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citizen movement Swiss voters to decide on fate of ‘social detectives’

handing in signatures

The initiators of the campaign against the social detectives legislation hand in the signatures to the Federal Chancellery in Bern, Thursday July 5.


Activists opposed to legislation granting more surveillance powers to so-called social welfare detectives have collected the signatures needed to bring the issue to a national vote. The referendum will be held on November 25.

A total of 50,000 valid signatures collected within 100 days are needed to force a referendum on such legislation; activists opposed to the ‘social detectives’ law gathered just under 75,500 since March, of which 55,861 were valid, it was announced on Thursday.

The signatures were handed into the Federal Chancellery and, once confirmed, will mean that Swiss citizens will vote on the issue on November 25 next, along with the questions of national self-determination and cattle farmer subsidies for horn cows.

At stake are the proposed extra powers to be granted to private detectives who – by request of public and private insurance companies – can spy on welfare recipients to weed out fraud.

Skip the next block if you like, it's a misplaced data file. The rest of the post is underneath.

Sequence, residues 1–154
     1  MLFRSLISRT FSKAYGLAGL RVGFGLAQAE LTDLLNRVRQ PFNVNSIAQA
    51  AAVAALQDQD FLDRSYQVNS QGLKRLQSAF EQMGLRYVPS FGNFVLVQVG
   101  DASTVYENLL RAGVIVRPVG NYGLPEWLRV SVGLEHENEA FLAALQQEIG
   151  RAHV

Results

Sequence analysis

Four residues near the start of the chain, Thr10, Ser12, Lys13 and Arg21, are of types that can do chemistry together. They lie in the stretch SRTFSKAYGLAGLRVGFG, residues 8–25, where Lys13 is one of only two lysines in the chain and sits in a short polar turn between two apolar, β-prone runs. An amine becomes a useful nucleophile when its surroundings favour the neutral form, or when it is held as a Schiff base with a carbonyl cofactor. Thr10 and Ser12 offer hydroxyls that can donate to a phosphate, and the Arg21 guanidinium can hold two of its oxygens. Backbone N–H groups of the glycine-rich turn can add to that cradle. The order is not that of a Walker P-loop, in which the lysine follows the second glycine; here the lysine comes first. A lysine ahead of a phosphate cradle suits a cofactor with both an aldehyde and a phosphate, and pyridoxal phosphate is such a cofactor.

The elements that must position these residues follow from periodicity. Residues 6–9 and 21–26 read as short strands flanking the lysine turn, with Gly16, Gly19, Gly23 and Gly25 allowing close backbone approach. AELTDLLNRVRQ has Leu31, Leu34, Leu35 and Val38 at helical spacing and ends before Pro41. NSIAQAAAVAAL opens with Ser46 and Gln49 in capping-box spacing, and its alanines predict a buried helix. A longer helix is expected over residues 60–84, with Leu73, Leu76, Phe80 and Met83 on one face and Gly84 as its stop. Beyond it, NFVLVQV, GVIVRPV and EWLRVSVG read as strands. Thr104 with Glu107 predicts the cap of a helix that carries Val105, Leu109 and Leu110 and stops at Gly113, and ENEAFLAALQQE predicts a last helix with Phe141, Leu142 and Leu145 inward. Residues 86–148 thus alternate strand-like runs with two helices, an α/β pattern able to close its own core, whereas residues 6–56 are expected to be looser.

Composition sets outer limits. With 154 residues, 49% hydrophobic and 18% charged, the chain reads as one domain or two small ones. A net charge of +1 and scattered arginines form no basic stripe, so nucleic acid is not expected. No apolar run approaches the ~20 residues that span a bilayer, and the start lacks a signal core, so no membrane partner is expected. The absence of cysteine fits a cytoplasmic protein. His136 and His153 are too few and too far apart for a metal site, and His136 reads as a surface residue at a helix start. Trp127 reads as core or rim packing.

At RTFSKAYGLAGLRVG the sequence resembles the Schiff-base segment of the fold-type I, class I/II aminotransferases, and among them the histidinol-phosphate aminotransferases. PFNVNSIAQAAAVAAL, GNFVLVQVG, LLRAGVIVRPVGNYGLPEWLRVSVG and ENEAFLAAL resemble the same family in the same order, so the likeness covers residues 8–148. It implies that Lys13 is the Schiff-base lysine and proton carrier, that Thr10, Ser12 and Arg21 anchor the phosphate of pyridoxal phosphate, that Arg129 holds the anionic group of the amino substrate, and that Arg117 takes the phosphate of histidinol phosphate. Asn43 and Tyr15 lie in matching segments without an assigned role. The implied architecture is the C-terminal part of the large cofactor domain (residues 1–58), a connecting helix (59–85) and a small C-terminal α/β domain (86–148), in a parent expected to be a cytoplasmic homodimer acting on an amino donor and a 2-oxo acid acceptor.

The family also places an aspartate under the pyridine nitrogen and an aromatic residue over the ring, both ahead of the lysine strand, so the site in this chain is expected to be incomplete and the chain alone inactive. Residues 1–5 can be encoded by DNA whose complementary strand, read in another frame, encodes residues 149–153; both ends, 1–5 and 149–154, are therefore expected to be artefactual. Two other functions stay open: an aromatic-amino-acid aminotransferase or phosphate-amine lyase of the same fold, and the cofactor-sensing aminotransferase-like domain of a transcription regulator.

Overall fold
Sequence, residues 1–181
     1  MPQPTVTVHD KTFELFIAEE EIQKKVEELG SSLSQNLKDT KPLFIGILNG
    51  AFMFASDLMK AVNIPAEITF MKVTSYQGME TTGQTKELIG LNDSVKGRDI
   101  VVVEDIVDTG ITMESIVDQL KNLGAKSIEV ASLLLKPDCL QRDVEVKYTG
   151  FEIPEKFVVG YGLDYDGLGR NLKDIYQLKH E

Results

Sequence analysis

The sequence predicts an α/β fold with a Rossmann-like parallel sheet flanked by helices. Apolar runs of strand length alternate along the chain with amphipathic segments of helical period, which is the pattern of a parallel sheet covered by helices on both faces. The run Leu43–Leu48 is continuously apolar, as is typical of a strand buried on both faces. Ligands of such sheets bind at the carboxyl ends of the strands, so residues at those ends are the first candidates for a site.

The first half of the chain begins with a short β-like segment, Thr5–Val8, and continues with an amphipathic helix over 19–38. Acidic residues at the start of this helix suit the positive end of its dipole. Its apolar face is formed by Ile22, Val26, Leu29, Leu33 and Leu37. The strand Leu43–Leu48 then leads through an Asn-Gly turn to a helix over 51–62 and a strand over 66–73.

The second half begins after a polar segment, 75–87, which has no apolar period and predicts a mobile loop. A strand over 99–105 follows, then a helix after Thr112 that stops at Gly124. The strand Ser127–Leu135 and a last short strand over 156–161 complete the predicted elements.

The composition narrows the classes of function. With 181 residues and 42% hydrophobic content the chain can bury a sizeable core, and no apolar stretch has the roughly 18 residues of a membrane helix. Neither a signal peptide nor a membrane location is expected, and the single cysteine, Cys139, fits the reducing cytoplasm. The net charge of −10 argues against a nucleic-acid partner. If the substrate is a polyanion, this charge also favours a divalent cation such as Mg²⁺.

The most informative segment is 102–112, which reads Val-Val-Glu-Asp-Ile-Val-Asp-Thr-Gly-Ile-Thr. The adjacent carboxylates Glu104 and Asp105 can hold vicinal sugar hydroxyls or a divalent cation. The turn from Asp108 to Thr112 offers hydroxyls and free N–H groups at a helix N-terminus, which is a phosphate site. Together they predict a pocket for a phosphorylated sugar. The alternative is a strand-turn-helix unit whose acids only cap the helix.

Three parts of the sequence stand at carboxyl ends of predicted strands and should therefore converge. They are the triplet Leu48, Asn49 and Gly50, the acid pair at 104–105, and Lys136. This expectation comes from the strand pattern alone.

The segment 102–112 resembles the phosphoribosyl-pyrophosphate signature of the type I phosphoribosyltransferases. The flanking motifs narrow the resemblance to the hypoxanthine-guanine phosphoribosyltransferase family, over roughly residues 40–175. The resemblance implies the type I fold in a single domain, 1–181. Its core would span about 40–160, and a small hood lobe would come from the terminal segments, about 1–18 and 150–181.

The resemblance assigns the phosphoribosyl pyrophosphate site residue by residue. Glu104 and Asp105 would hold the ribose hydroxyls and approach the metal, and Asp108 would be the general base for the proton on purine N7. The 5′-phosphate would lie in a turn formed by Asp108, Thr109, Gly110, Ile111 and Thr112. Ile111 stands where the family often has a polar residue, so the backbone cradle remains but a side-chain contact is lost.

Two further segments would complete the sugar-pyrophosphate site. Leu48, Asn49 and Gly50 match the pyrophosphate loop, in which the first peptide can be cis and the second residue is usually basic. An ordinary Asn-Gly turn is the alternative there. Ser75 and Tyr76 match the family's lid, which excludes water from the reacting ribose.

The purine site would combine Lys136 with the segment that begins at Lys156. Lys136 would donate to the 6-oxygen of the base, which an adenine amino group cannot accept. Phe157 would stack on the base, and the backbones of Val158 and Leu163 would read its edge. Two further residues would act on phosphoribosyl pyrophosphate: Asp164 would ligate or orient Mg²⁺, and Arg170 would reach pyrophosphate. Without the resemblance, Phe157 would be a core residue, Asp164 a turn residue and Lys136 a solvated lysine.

The law would allow the detectives to make visual and sound recordings of potential fraudsters, both in public places as well as in some observable private areas (an apartment balcony, for example).

Controversially, the use of GPS technology – if authorised by a judge – could also be used to track suspects. The prospect of drones being used for geolocalisation (rather than observation) has also been raised.

The issue caused consternation among some sectors of the public when it hit headlines in March, and a grassroots opposition movement – led by, among others, author Sibylle Berg and student Dimitri Rougy – quickly organised itself to launch a counter-campaign.

The activists operated independently and relied purely on public support and donations; however, the Greens and Social Democratic Party have since voiced their support for the referendum.


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